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Government of Canada announces stronger labelling requirements for tanning beds – Warning labels remind users about skin cancer risk

Article Source: Government of Canada

February 26, 2014 For immediate release

Ottawa – Today, the federal government finalized new regulations mandating stronger health warning label requirements for tanning beds and equipment.

Health Canada has strengthened the labelling requirements for tanning beds to better inform consumers about the health risks associated with the use of these devices.

Once the regulations come into force on May 7, 2014, all tanning equipment sold, leased or imported into Canada must display a warning label with the following message: “Not recommended for use by those under 18 years of age.” The label also features a black bar warning stating: “Tanning equipment can cause cancer” and a bulleted list of other health risks associated with tanning including risk factors such as skin type, photosensitivity and history of skin cancer.

While Health Canada regulates the sale, lease and import of tanning beds under the Radiation Emitting Devices Act, regulation of tanning bed use in commercial establishments, including age restrictions, is being undertaken by provinces and territories. Most provinces/territories in the country currently either regulate, or have expressed an intention to regulate, access to tanning equipment by minors.

Quick Facts

  • According to the World Health Organization, the risk of developing skin melanoma increases by 75% when use of tanning beds starts before the age of 35.
  • Skin cancer is the most common type of cancer in Canada, and melanoma is its deadliest form.
  • While mortality rates have remained stable, killing one in five diagnosed, incidence of melanoma has increased threefold between 1972 and 2006.
  • In 2013, approximately 6,000 Canadians were diagnosed with melanoma skin cancer and 1050 died from it.
  • Exposure to ultraviolet A and B radiation from tanning can cause sunburn, damage to your eyes, and other health effects, including an increased risk of skin cancer.
  • In 2011, James Bezan, Member of Parliament for Selkirk-Interlake in Manitoba, tabled a Private Members Bill in the House of Commons to raise awareness about the harms associated with artificial tanning.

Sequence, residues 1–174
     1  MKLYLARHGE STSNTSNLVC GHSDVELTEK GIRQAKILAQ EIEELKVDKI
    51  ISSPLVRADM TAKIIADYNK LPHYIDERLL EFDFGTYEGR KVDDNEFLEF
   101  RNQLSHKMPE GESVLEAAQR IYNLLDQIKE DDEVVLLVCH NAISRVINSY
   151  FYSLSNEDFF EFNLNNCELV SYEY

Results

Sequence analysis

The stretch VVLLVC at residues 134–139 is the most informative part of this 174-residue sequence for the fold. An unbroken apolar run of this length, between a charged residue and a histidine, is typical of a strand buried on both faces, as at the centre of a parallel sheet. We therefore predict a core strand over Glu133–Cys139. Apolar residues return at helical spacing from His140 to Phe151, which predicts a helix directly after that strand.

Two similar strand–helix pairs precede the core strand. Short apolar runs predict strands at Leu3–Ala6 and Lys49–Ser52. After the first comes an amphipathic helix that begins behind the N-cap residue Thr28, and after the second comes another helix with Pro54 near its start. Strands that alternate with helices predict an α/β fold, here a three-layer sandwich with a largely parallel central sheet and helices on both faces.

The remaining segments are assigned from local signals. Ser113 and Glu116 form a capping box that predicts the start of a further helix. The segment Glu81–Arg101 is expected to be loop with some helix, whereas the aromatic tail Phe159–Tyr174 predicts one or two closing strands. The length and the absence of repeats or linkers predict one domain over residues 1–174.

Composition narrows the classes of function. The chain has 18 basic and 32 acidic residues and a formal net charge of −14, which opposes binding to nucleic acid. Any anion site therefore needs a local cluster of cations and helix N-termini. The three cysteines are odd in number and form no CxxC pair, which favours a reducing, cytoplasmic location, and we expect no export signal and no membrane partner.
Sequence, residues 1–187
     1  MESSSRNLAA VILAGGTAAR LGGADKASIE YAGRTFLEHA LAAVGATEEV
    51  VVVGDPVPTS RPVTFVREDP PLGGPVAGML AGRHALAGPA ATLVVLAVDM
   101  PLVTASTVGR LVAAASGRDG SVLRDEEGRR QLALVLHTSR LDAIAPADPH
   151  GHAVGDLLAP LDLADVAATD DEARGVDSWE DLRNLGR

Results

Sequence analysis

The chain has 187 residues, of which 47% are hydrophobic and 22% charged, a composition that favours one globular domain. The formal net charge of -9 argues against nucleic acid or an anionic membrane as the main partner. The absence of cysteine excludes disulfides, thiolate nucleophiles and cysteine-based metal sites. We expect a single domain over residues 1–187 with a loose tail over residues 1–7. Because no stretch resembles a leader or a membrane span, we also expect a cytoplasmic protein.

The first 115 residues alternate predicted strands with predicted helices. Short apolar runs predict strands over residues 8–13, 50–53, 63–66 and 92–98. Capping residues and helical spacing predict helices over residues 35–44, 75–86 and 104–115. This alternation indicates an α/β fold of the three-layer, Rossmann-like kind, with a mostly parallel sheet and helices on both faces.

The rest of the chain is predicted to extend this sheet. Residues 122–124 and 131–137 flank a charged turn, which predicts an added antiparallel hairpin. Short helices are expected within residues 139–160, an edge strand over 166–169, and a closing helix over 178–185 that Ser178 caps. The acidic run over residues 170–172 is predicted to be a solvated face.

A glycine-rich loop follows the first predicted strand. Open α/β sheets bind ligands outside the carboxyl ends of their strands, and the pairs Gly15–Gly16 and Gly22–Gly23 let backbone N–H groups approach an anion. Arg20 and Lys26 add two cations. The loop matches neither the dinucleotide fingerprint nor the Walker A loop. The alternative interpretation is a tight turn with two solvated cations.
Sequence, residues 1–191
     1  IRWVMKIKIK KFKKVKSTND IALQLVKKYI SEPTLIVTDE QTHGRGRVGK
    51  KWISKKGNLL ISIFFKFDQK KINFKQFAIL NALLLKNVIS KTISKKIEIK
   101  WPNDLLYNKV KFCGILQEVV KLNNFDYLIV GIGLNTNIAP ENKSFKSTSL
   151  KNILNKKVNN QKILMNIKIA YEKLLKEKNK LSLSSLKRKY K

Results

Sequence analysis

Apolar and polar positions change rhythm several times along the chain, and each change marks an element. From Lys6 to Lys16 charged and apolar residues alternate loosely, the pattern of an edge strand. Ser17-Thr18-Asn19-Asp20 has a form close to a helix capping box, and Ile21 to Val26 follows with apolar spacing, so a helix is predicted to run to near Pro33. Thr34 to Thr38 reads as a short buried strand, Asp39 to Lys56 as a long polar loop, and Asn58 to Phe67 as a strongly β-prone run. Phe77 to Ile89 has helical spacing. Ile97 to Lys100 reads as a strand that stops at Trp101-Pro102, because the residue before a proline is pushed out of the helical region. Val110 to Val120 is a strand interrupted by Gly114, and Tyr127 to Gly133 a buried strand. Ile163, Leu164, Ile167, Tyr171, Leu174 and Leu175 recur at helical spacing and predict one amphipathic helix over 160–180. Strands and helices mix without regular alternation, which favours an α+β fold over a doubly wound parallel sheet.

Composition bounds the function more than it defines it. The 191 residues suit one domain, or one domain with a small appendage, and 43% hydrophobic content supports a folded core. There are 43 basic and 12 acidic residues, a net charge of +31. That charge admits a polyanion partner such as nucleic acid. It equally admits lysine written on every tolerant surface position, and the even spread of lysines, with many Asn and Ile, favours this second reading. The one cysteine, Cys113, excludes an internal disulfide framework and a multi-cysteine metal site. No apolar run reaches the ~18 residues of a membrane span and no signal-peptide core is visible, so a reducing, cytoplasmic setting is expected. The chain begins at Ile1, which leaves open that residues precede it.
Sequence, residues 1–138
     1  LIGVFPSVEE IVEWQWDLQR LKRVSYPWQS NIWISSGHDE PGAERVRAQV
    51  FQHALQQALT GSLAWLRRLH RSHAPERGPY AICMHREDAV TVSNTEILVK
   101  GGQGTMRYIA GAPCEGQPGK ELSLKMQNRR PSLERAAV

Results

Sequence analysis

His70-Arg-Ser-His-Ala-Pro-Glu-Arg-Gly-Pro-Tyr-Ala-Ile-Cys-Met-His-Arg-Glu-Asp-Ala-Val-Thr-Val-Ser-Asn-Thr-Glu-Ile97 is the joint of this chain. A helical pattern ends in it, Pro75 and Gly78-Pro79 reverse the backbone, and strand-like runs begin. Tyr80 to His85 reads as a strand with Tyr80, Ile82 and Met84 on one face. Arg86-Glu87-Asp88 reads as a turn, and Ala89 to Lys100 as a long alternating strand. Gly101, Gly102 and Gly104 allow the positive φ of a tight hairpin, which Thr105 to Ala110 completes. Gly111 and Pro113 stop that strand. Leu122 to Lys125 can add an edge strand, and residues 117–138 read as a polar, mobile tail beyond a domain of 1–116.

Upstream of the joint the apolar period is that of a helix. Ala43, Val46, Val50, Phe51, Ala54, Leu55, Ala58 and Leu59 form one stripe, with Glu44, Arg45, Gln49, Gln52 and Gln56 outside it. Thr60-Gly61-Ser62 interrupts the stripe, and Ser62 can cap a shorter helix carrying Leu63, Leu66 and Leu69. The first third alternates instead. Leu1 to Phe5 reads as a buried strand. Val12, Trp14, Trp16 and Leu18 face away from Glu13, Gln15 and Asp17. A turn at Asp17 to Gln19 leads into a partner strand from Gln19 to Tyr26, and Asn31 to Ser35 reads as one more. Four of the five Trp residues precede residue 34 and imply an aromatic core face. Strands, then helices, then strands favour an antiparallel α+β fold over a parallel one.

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Sun Awareness Week

Since 1989, the Canadian Dermatology Association’s annual, nationwide Sun Awareness Week has helped educate Canadians about dangers of excessive sun exposure — and reduce the incidence of skin cancer in the country. The Save Your Skin Foundation is happy to support this initiative to build important awareness around skin health.

Sun Awareness Week will take place Monday, June 2 to Sunday, June 8, 2014 and Island Health, the Canadian Cancer Society and Save Your Skin Foundation are joining forces this summer to help prevent skin cancer. The Sun Smart campaign is intended to educate Vancouver Island residents about sun safety and the importance of skin protection while enjoying outdoor activities.

Sun Awareness Week from June 2nd to 8th marks the debut of the campaign. The three organizations will share displays at community events from June through August to provide sun safety information and interactive games that shed light on some of the most common myths about tanning and sun safety. Find out more here: Sun Awareness Week: New partnership to promote sun safety this summer

The CDA will also be holding a number of other events and activities, including:

  • Free skin screenings across Canada
  • School visits by dermatologists, and other activities for children
  • A video competition for teens
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